The early weeks of pregnancy are fragile—and confusing. Here, the answers to your questions.
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From the moment you discover you’re pregnant, decisions await you. Fortunately, many of them, such as what color to paint the nursery and whether to use cloth or disposable diapers, are not life-changing (though they may seem so at the time). But the big-picture decisions—questions like where your baby will be born, who will deliver her and whether or not you should schedule the birth—can have a profound impact on your pregnancy and delivery, often making the difference between a joyous experience you can’t wait to repeat and a traumatic one you’d rather forget. >> We’re here to help, with information to guide you through these and other choices you may be facing, such as whether to get an epidural or to try for a vaginal birth after having a Cesarean. We also provide lots of immediately practical advice, including surprising tips for an easier labor. >> Finally, though no two labor and delivery experiences are exactly alike, our outline of what happens in the final hours of pregnancy can help you prepare for the most exciting day of your life: your baby’s birth day. Wherever you are in your journey toward motherhood, be sure to keep this guide handy.
If you have pregnancy complications or risk factors for a C-section, prefer an obstetrician to a midwife or want to receive labor-induction and/or pain medication, a hospital is for you. If your insurance lets you choose, here’s a checklist of what to look for. Keep in mind that very few hospitals meet all these criteria, some of which are, obviously, more important than others.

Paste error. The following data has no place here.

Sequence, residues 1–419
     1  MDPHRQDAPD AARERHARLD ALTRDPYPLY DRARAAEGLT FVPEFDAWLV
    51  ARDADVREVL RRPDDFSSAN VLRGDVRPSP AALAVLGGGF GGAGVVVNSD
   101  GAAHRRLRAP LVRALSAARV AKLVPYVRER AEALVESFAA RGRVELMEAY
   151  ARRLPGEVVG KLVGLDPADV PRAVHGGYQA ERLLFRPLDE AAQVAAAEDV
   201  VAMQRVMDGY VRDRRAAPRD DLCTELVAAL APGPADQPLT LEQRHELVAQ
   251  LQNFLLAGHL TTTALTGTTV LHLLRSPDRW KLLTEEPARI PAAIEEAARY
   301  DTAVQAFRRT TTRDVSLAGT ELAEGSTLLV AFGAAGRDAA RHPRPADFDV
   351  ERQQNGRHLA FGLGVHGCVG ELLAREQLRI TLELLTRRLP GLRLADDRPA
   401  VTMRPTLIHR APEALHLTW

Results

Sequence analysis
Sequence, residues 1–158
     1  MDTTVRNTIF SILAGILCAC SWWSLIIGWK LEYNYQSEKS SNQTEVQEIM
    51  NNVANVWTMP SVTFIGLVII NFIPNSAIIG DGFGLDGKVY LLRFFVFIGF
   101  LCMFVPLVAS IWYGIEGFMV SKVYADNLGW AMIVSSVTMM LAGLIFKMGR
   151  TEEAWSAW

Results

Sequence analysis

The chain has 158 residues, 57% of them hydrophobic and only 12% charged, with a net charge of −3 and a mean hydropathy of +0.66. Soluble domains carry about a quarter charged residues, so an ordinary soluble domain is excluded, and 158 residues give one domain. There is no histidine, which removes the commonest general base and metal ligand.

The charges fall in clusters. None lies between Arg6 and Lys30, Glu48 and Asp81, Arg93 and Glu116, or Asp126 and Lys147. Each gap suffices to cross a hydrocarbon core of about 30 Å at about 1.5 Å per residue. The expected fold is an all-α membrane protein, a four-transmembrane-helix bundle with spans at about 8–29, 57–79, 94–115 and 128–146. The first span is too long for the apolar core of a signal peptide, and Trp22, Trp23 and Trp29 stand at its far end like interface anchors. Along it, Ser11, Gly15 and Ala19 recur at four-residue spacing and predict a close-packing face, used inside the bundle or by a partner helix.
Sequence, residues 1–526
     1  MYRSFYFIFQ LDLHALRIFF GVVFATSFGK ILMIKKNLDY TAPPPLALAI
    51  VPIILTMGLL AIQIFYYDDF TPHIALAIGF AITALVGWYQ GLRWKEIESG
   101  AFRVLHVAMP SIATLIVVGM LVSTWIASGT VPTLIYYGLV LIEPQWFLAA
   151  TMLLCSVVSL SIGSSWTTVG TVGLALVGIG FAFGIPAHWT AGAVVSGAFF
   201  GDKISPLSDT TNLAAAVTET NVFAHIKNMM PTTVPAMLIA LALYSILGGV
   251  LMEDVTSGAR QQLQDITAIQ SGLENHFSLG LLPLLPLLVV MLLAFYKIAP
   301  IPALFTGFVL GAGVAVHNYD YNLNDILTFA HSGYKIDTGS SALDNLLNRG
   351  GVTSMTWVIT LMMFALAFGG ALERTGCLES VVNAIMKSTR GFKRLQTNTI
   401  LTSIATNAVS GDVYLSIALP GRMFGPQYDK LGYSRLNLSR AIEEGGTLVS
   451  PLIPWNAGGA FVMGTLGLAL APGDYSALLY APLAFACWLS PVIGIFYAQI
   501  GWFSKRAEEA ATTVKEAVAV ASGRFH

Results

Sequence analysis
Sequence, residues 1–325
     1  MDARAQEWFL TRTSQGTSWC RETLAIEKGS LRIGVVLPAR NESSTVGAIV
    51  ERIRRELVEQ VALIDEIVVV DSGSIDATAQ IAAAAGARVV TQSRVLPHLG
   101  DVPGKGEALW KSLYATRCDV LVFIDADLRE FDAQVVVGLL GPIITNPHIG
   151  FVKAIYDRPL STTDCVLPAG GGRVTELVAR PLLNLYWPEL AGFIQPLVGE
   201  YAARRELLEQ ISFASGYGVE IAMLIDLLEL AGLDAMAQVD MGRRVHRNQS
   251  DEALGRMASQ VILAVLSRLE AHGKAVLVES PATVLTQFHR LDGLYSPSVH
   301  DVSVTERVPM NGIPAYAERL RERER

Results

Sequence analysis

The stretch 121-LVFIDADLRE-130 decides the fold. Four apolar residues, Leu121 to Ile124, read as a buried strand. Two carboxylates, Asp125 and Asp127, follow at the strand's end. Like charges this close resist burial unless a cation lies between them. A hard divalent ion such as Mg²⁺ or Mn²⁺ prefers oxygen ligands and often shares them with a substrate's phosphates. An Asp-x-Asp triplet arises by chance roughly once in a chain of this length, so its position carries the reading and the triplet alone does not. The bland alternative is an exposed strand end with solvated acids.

> An obstetrician is on the premises at all times.
> The hospital’s maternal mortality rate is at or below .01 percent.
> There is a neonatal intensive-care unit of at least level II (level III is best).
> The primary C-section rate is at or below the national average of 26 percent.
> The hospital does not limit when you can receive pain medication.
> The hospital has a lactation consultant on staff.
> Midwives are allowed to deliver babies, and doula services are permitted.
> The same nurses care for you throughout labor, delivery and recovery.
> During labor, women are allowed to walk around and to use private bathtubs or showers. > Women can give birth in rooms specifically geared for labor/delivery, recovery and postpartum.
> There is a place for the father to sleep overnight.
> The baby can stay in your room with you.
> Friends and relatives besides the father are allowed to attend the birth.
> The hospital has a tolerant visitor policy, especially regarding siblings.
> Water births, videotaping of births and massage services are permitted and/or available.
> Classes on infant care, breastfeeding, sibling relationships and the like are offered.